Both of these pesky rodents have prominent incisors that they use to gnaw through wood and other materials to make nests and to crunch through tough seeds. While both species are avid runners and jumpers, the field mouse is quicker and can jump a little higher than house mice.

• Behaviors

All mice species, including house and field mice, are social animals. They thrive in the company of their kind and often nest together. Did you know that a group of mice is called a mischief? With all their destructive and thieving ways, it’s easy to understand the name.

As their name implies, field mice usually live-in forests and meadows away from human contact. However, house mice have become used to humans over thousands of years. They prefer to be squatters in homes and buildings that people occupy.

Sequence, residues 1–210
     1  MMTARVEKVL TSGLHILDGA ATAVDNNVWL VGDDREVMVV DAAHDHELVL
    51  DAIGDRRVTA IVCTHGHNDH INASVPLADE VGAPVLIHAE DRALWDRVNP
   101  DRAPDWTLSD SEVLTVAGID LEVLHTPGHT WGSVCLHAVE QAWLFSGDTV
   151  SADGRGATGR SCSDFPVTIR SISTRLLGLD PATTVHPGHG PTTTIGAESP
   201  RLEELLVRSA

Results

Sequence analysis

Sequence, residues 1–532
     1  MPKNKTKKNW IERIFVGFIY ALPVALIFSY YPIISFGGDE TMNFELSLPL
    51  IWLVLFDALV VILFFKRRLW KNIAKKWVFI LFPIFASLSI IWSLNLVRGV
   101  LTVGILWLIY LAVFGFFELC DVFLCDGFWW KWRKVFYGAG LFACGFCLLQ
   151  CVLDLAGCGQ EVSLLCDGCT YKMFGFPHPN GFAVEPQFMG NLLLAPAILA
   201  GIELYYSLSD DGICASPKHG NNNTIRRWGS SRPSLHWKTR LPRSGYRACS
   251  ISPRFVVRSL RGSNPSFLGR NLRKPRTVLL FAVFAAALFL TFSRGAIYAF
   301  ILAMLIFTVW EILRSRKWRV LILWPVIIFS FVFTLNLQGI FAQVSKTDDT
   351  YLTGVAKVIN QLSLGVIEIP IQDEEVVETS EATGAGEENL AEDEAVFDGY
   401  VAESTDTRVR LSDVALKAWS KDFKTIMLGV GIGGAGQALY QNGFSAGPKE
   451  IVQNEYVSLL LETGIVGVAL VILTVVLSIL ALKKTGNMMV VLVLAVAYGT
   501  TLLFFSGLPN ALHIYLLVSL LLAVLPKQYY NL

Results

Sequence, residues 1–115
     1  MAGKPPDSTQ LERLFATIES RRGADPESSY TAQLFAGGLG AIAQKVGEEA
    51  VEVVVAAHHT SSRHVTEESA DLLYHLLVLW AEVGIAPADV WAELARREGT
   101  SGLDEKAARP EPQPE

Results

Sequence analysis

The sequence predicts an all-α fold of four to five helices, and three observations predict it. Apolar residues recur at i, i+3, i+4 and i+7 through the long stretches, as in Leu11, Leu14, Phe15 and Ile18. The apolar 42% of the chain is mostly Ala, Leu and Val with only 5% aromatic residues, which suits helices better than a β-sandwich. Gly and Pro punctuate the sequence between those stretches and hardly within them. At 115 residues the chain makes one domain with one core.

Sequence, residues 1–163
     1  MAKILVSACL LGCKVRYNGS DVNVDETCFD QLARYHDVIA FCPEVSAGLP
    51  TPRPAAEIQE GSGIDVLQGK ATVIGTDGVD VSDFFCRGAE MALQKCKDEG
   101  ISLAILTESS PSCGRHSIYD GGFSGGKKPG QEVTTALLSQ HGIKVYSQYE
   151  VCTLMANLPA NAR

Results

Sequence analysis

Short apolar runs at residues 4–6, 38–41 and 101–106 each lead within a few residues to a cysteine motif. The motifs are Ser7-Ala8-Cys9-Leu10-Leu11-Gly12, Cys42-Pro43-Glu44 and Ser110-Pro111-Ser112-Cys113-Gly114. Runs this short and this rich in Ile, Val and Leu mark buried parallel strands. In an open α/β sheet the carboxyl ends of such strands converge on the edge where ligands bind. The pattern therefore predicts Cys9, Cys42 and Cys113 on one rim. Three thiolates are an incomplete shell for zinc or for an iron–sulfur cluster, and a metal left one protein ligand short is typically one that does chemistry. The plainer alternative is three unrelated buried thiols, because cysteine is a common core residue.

Field mice and house mice are both nocturnal species. They use the darkness as their natural camouflage to seek food to bring back to their nests to share with others. Unlike rats, mice don’t venture much farther than about 10 feet from their nest for food foraging.

• Preferred Environments

House mice are more tolerant of humans than their field mice cousins. If you have a mouse infestation, the chances are that it’s house mice. Field mice detest humans and stay as far away as they can. During winter cold and shortages of food, field mice are often forced to take shelter in a warm human abode.

Unlike many other social animals, mouse communities do not have a chain of command. Males of both species will often fight other males for dominance and mating privileges. They can often be territorial during breeding season.